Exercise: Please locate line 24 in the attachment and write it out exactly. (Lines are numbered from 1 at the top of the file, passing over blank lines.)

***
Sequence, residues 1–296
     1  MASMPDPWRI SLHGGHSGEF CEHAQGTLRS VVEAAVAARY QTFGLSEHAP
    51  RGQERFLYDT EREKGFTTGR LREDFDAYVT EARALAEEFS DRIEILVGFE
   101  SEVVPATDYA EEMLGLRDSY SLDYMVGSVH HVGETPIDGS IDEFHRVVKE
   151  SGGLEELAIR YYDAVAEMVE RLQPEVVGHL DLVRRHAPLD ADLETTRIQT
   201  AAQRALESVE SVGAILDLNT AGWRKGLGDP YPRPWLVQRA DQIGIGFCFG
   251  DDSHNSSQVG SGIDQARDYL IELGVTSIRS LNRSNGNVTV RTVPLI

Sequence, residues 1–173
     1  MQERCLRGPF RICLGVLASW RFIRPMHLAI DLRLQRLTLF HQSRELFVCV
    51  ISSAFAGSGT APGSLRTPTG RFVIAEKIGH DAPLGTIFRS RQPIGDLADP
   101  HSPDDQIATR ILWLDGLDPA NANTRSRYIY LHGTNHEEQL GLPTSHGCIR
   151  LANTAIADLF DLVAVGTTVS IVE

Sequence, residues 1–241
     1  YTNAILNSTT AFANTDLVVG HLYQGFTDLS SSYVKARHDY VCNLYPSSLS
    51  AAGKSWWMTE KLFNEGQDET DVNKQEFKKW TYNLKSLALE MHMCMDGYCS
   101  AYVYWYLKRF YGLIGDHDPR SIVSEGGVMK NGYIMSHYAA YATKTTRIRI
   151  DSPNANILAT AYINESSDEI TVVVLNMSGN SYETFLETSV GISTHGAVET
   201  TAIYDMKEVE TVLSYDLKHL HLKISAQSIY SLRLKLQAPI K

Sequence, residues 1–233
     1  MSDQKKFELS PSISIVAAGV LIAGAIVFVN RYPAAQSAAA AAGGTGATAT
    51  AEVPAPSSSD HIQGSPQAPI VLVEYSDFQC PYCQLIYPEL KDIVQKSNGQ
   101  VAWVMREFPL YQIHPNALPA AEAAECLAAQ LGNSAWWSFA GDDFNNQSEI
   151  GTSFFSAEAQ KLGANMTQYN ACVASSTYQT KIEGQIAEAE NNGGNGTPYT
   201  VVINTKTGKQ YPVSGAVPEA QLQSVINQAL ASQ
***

   201  VVINTKTGKQ YPVSGAVPEA QLQSVINQAL ASQ